Formulas and Tables

Calculus

Properties and Applications of Surface Integrals

Scalar functions: \(f\left( {x,y,z} \right),\) \(f\left( {x,y} \right)\)
Position vectors: \(\mathbf{r}\left( {u,v} \right),\) \(\mathbf{r}\left( {x,y,z} \right)\)
Unit vectors: \(\mathbf{i},\) \(\mathbf{j},\) \(\mathbf{k}\)
Surface: \(S\)
Vector field: \(\mathbf{F}\left( {P,Q,R} \right)\)
Divergence of a vector field: \(\text {div }\mathbf{F} = \nabla \cdot \mathbf{F}\)
Curl of a vector field: \(\text {rot }\mathbf{F} = \nabla \times \mathbf{F}\)
Vector element of a surface: \(d\mathbf{S}\)
Normal to a surface: \(\mathbf{n}\)
Surface area: \(A\)
Mass of a surface: \(m\)
Density of a surface: \(\mu\left( {x,y,z} \right)\)
Coordinates of the center of mass: \({x_C},\) \({y_C},\) \({z_C}\)

First moments: \({M_{xy}},\) \({M_{yz}},\) \({M_{xz}}\)
Moments of inertia: \({I_{xy}},\) \({I_{yz}},\) \({I_{xz}},\) \({I_x},\) \({I_y},\) \({I_z}\)
Volume of a solid: \(V\)
Force: \(\vec{F}\)
Gravitational constant: \(G\)
Fluid velocity: \(\mathbf{v}\left( \mathbf{r} \right)\)
Fluid or mass density: \(\rho\)
Pressure: \(\mathbf{p}\left( \mathbf{r} \right)\)
Mass flux, electric flux: \(\Phi\)
Surface charge: \(Q\)
Charge density: \(\sigma\left( {x,y} \right)\)
Magnitude of the electric field: \(\mathbf{E}\)

  1. Surface integral of a scalar function
    Let a surface \(S\) be given by the position vector \(\mathbf{r}\left( {u,v} \right) =\) \(x\left( {u,v} \right)\mathbf{i} \) \(+\; y\left( {u,v} \right)\mathbf{j} \) \(+\; z\left( {u,v} \right)\mathbf{k},\) where the coordinates \(\left( {u,v} \right)\) range over some domain \(D\left( {u,v} \right)\) of the \(uv\)-plane. The surface integral of the scalar function \(f\left( {x,y,z} \right)\) over the surface \(S\) is defined to be
    \({\large\iint\limits_S\normalsize} {f\left( {x,y,z} \right)dS} =\) \({\large\iint\limits_{D\left( {u,v} \right)}\normalsize} {f\left( {x\left( {u,v} \right),y\left( {u,v} \right),z\left( {u,v} \right)} \right) }\) \({ \left| {{\large\frac{{\partial \mathbf{r}}}{{\partial u}}\normalsize} \times {\large\frac{{\partial \mathbf{r}}}{{\partial v}}\normalsize}} \right|dudv} ,\)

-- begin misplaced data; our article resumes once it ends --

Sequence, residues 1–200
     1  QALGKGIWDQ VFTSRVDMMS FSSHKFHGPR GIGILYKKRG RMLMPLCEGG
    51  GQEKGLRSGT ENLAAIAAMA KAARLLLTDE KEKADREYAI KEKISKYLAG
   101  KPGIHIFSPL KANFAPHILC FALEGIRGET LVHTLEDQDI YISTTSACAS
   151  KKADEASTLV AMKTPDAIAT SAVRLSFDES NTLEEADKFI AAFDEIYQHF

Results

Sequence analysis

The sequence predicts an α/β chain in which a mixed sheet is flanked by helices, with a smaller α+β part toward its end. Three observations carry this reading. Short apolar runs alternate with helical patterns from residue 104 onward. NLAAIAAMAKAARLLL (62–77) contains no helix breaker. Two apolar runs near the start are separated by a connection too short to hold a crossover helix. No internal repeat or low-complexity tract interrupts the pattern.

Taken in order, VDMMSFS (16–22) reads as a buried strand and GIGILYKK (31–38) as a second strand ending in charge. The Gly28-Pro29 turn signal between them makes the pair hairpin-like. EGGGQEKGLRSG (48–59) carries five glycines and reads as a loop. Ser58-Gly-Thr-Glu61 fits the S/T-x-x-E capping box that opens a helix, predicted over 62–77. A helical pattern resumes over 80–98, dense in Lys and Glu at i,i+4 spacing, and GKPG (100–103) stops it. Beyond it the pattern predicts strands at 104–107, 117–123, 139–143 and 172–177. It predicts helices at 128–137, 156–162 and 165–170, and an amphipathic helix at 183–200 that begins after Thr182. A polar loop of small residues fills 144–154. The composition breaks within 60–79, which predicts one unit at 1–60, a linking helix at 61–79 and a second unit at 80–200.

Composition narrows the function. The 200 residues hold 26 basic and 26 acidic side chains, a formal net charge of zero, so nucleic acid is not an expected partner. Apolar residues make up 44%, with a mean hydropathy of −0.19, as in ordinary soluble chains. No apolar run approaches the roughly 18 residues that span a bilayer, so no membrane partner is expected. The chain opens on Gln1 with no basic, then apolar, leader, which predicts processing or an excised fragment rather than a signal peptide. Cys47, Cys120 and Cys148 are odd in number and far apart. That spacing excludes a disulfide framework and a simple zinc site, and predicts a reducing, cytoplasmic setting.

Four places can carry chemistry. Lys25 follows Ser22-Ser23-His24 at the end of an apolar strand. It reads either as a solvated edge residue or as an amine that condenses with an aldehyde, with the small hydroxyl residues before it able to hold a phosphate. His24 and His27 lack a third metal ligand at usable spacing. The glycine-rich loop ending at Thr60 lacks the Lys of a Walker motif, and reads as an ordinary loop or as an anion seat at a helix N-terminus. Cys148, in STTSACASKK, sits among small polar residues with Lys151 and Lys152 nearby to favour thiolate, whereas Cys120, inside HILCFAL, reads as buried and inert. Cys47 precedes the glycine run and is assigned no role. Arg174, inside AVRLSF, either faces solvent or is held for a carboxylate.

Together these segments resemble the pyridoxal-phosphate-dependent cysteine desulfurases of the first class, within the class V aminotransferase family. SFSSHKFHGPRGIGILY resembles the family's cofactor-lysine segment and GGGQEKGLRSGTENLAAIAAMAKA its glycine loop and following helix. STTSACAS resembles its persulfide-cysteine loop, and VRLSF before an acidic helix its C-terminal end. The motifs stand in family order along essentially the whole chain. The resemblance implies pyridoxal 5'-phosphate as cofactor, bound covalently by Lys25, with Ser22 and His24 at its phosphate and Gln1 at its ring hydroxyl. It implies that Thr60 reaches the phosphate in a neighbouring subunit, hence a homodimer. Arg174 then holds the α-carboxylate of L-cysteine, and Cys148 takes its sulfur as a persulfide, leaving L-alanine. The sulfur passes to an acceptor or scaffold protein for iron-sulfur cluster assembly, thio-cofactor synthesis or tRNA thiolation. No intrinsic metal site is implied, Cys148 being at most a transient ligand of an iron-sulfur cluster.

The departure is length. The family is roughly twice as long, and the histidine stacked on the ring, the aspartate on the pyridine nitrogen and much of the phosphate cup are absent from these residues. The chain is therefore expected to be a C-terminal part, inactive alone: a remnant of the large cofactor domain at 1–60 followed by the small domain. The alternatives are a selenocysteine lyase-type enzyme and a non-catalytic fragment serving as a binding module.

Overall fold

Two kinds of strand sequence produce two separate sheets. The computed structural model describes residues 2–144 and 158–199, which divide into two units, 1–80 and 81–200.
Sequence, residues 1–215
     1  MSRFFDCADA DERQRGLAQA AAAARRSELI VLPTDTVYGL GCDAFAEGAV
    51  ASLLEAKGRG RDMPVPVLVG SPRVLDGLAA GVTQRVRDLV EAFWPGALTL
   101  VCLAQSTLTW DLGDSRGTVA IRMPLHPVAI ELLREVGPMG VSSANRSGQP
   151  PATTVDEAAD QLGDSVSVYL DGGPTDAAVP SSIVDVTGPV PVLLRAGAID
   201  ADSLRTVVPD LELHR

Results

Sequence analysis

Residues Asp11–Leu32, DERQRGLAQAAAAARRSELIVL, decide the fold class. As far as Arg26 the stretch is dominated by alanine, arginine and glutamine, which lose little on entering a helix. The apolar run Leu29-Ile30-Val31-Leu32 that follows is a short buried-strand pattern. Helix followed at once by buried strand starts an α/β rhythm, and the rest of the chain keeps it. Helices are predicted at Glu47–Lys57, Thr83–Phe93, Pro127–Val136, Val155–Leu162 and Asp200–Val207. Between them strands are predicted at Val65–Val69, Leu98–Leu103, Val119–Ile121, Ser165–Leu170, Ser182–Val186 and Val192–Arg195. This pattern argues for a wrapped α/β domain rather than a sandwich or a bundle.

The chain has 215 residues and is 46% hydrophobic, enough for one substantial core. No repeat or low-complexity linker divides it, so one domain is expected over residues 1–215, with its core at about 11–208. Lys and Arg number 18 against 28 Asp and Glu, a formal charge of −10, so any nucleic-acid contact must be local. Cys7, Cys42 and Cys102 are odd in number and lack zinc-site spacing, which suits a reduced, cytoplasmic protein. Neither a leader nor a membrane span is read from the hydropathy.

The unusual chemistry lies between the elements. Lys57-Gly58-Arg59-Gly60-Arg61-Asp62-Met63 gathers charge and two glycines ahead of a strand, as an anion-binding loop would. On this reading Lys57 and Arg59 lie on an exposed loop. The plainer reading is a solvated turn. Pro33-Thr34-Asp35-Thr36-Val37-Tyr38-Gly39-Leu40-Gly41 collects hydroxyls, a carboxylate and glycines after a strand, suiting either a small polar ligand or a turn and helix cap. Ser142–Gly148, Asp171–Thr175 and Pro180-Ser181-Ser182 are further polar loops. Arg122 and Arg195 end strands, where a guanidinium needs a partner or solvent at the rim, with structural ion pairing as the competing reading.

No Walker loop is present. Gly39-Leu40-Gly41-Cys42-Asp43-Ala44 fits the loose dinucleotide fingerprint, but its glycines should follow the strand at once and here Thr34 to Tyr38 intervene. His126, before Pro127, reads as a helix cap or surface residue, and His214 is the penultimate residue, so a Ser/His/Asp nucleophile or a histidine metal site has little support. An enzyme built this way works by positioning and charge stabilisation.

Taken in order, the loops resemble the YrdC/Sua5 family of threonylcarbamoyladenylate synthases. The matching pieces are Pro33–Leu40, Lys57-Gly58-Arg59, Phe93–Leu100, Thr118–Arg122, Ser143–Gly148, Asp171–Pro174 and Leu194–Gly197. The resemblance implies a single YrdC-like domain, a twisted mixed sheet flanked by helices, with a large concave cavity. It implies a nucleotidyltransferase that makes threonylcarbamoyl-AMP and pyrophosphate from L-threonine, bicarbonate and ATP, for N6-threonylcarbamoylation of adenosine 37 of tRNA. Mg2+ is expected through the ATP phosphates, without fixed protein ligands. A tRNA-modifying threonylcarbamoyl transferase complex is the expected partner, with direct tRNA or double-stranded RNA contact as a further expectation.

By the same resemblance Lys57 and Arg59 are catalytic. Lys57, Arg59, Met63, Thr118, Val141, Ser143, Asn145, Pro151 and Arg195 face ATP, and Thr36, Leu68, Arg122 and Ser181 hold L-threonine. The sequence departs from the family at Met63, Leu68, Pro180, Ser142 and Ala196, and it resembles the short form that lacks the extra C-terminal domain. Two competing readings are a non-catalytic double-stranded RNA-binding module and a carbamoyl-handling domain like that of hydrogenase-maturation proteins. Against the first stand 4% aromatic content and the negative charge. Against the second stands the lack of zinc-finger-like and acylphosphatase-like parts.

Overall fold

where the partial derivatives \(\partial \mathbf{r}/\partial u\) and \(\partial \mathbf{r}/\partial v\) are expressed by the formulas
    \({\large\frac{{\partial \mathbf{r}}}{{\partial u}}\normalsize} = {\large\frac{{\partial x}}{{\partial u}}\normalsize}\left( {u,v} \right)\mathbf{i} \) \(+\;{\large\frac{{\partial y}}{{\partial u}}\normalsize}\left( {u,v} \right)\mathbf{j} \) \(+\;{\large\frac{{\partial z}}{{\partial u}}\normalsize}\left( {u,v} \right)\mathbf{k},\)
    \({\large\frac{{\partial \mathbf{r}}}{{\partial v}}\normalsize} = {\large\frac{{\partial x}}{{\partial v}}\normalsize}\left( {u,v} \right)\mathbf{i} \) \(+\;{\large\frac{{\partial y}}{{\partial v}}\normalsize}\left( {u,v} \right)\mathbf{j} \) \(+\;{\large\frac{{\partial z}}{{\partial v}}\normalsize}\left( {u,v} \right)\mathbf{k},\)
    and \({{\large\frac{{\partial \mathbf{r}}}{{\partial u}}\normalsize} \times {\large\frac{{\partial \mathbf{r}}}{{\partial v}}\normalsize}}\) is the cross product.
  2. If the surface \(S\) is given by the explicit equation \(z = z\left( {x,y} \right)\) where \(z\left( {x,y} \right)\) is a differentiable function in the domain \(D\left( {x,y} \right),\) then the surface integral of the scalar function is written as
    \({\large\iint\limits_S\normalsize} {f\left( {x,y,z} \right)dS} =\) \({\large\iint\limits_{D\left( {u,v} \right)}\normalsize} {f\left( {x,y,z\left( {x,y} \right)} \right) }\) \({\sqrt {1 + {{\left( {\large\frac{{\partial z}}{{\partial x}}\normalsize} \right)}^2} + {{\left( {\large\frac{{\partial z}}{{\partial y}}\normalsize} \right)}^2}} dxdy} .\)
  3. Surface integral of a vector field \(\mathbf{F}\) over an oriented surface \(S\)
  • If the surface \(S\) is oriented outward, then
    \({\large\iint\limits_S\normalsize} {\mathbf{F}\left( {x,y,z} \right) \cdot d\mathbf{S}} =\) \({\large\iint\limits_S\normalsize} {\mathbf{F}\left( {x,y,z} \right) \cdot \mathbf{n}dS} =\) \({\large\iint\limits_{D\left( {u,v} \right)}\normalsize} {\mathbf{F}\left( {x\left( {u,v} \right),y\left( {u,v} \right),z\left( {u,v} \right)} \right) \cdot }\) \({ \left[ {\large\frac{{\partial \mathbf{r}}}{{\partial u}}\normalsize \times \large\frac{{\partial \mathbf{r}}}{{\partial v}}\normalsize} \right]dudv} ;\)